Hache Almacén: The Best Wine Bar in Buenos Aires?

My dear winelover friends, I must confess that the journey to this moment has been extremely difficult. After weeks of sleepless nights I’ve finally decided to share with you one of my most precious secrets. I just take consolation in the fact that most of you don’t live in Buenos Aires, so hopefully there won’t be a line around the block anytime soon…

I first discovered this little place with some colleagues one friday night a couple of weeks ago. We’d started out at a manically busy beer place where the only wine option was “vino blanco” by the glass (I’m a monogamist, I never touch that other stuff). It turned out to be a mediocre Sauv Blanc, but at least the serving was enormous and I could drown my sorrows over the lack of good wine. Anyway, after that spiritual experience it was the hardcore winos’ turn to choose the next bar.

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Which leads us to my current wine bar crush, Hache Almacén. Located in Palermo Hollywood, the slightly more grungy, nightowl side of hipster Palermo, this is really a little slice of wine heaven. Walk through the door and you’re greeted by God handing Adam a glass of jolly nice-looking wine (not literally, obviously, it’s a Michelangelo knock-off). Nice piece of marketing there. Take a seat at the long communal table and the gruff and ever so slightly surly owner will ply you with recommendations and samplings from the ample shelves. Many of the bottles come from boutique wineries in Argentina, and the variety makes a refreshing change from the plethora of stereotypically Malbec-heavy wine lists you find in Buenos Aires. Think a floral white Fiano from Bodega Caelum, a Blanc de Malbec (probably the only one in existence?), and plenty of hearty Cabernet Sauvignons/Francs and Patagonian Pinot Noir. It may take you a while to decide…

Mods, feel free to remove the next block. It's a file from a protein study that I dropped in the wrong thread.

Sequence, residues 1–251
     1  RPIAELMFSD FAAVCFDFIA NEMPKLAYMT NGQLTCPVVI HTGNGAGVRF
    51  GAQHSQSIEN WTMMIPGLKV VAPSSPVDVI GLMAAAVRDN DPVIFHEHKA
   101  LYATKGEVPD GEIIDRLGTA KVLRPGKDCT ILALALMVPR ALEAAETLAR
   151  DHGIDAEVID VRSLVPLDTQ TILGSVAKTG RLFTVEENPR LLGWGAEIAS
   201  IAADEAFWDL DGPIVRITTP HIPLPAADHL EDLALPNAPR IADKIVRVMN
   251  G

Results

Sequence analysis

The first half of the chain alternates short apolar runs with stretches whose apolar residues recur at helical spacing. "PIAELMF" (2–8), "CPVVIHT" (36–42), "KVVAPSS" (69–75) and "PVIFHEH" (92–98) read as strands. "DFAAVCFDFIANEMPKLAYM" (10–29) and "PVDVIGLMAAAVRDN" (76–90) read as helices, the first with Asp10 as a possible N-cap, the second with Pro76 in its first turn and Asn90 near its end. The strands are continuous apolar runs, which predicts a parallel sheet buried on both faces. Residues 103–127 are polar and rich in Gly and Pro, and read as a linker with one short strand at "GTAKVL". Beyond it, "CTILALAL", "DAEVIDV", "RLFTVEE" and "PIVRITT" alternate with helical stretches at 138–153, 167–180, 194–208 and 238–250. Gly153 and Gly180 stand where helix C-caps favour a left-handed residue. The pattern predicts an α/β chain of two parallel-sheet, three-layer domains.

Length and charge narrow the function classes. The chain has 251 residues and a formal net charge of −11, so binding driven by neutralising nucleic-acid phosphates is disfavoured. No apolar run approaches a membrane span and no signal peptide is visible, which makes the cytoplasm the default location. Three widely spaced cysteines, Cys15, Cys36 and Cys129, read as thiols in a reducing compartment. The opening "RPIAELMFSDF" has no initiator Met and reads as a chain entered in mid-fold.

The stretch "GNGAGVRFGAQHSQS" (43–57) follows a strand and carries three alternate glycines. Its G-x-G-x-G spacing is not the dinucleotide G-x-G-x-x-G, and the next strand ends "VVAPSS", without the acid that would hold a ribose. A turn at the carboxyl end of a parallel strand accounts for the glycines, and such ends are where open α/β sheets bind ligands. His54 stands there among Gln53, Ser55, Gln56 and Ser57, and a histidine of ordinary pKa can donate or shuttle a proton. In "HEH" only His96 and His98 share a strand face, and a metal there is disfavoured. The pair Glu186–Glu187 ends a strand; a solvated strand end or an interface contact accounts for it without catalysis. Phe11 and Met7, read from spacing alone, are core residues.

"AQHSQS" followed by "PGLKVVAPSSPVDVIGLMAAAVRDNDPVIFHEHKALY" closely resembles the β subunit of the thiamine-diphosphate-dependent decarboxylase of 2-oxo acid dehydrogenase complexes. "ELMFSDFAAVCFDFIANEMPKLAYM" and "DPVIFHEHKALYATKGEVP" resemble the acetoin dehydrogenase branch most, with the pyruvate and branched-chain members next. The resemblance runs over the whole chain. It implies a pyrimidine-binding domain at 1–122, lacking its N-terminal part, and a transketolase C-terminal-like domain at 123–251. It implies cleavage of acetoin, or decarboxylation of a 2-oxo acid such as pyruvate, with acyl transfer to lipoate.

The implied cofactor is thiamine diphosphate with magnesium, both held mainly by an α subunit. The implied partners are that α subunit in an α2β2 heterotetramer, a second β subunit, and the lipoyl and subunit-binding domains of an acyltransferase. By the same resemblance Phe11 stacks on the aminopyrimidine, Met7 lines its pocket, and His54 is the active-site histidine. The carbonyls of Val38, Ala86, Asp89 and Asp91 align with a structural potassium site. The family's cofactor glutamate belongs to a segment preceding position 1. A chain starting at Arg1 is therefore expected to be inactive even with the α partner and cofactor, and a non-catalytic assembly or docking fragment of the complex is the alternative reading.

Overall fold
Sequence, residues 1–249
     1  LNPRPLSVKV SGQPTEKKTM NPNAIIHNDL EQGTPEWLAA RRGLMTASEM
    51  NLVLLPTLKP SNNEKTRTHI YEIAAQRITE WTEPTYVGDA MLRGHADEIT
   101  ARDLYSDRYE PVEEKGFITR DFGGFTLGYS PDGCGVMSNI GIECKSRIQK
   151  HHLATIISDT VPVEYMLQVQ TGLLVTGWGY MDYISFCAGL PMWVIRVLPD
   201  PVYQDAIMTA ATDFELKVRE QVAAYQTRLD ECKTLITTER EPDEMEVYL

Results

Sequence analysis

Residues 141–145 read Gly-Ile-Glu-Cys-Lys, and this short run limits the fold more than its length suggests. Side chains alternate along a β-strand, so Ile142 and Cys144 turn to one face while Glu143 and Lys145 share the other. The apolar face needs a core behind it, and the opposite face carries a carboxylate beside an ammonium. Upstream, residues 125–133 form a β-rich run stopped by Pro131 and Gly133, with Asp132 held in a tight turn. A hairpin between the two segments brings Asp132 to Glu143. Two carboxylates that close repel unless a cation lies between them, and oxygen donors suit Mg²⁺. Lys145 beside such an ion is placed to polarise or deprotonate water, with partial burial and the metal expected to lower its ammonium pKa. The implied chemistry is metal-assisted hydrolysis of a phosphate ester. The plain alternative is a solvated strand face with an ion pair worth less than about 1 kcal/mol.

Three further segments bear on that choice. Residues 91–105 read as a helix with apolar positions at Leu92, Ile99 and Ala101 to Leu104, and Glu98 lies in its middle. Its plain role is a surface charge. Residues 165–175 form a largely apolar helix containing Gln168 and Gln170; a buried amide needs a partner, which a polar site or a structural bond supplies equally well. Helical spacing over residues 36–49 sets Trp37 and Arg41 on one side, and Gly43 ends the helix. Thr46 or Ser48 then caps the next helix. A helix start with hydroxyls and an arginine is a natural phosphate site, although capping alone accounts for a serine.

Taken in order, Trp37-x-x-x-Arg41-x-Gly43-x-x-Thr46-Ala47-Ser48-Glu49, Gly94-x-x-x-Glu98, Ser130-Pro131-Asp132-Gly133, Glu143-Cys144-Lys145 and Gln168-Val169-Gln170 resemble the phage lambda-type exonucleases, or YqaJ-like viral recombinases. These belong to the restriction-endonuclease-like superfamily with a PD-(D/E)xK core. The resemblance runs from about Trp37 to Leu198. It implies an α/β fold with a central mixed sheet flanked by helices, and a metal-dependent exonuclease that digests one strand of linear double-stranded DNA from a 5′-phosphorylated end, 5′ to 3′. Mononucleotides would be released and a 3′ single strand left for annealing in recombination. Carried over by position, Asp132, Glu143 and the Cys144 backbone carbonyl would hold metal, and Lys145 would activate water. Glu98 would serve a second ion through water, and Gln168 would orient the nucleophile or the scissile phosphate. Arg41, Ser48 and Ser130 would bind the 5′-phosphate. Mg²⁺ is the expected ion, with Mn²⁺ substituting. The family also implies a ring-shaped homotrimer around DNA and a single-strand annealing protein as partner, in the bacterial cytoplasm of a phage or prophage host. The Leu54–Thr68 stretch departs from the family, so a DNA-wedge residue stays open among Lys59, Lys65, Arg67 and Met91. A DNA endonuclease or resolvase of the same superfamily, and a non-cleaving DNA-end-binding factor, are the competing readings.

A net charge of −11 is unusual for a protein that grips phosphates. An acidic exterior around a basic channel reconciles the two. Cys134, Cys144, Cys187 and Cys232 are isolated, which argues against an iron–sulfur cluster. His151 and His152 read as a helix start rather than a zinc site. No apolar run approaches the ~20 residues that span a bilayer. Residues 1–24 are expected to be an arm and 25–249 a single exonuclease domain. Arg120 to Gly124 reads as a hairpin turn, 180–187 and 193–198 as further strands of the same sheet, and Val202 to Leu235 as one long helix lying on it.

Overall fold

But don’t worry if you can’t – all the bottles can be purchased to take away at the same (incredibly reasonable) prices so you can always pick up a little something for later. The owners also run regular wine tasting evenings where they bring in winemakers or sommeliers to showcase a particular winery. We’ve been to a couple (in the past 2 weeks!) featuring Clos de Chacras, a well-known boutique winery in Luján de Cuyo, Mendoza, and Finca las Payas in San Rafael, a tiny one-man artisanal operation with an experimental ethos and a love of weird grape varieties (more gossip on this soon, I promise).

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The tastings also include a luscious picada (a traditional Argentine meat and cheese board) which I stupidly forget to take a picture of every time I go because I’m too busy gorging myself. Honestly, it’s worth going just for the food. This place is truly dedicated to the cause of cheese. They get their charcuterie and cheeses from a sleepy town 5 hours away from Buenos Aires called Tandil, which here in Argentina is regarded as the Holy Land of cheese production. Udderly divine.